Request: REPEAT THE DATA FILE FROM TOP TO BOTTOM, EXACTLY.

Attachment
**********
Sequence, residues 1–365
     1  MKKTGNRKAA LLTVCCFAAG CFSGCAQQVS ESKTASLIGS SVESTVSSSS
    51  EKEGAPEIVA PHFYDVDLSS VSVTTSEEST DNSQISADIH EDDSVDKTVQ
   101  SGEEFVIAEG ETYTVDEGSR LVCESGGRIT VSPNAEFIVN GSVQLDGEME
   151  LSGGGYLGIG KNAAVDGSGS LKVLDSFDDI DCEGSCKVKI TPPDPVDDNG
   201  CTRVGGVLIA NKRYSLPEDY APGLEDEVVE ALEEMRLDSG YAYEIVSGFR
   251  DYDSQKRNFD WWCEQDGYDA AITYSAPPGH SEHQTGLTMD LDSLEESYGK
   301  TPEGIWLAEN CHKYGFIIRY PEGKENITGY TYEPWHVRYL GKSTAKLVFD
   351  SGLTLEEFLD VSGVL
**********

Sequence, residues 1–365
     1  MKKTGNRKAA LLTVCCFAAG CFSGCAQQVS ESKTASLIGS SVESTVSSSS
    51  EKEGAPEIVA PHFYDVDLSS VSVTTSEEST DNSQISADIH EDDSVDKTVQ
   101  SGEEFVIAEG ETYTVDEGSR LVCESGGRIT VSPNAEFIVN GSVQLDGEME
   151  LSGGGYLGIG KNAAVDGSGS LKVLDSFDDI DCEGSCKVKI TPPDPVDDNG
   201  CTRVGGVLIA NKRYSLPEDY APGLEDEVVE ALEEMRLDSG YAYEIVSGFR
   251  DYDSQKRNFD WWCEQDGYDA AITYSAPPGH SEHQTGLTMD LDSLEESYGK
   301  TPEGIWLAEN CHKYGFIIRY PEGKENITGY TYEPWHVRYL GKSTAKLVFD
   351  SGLTLEEFLD VSGVL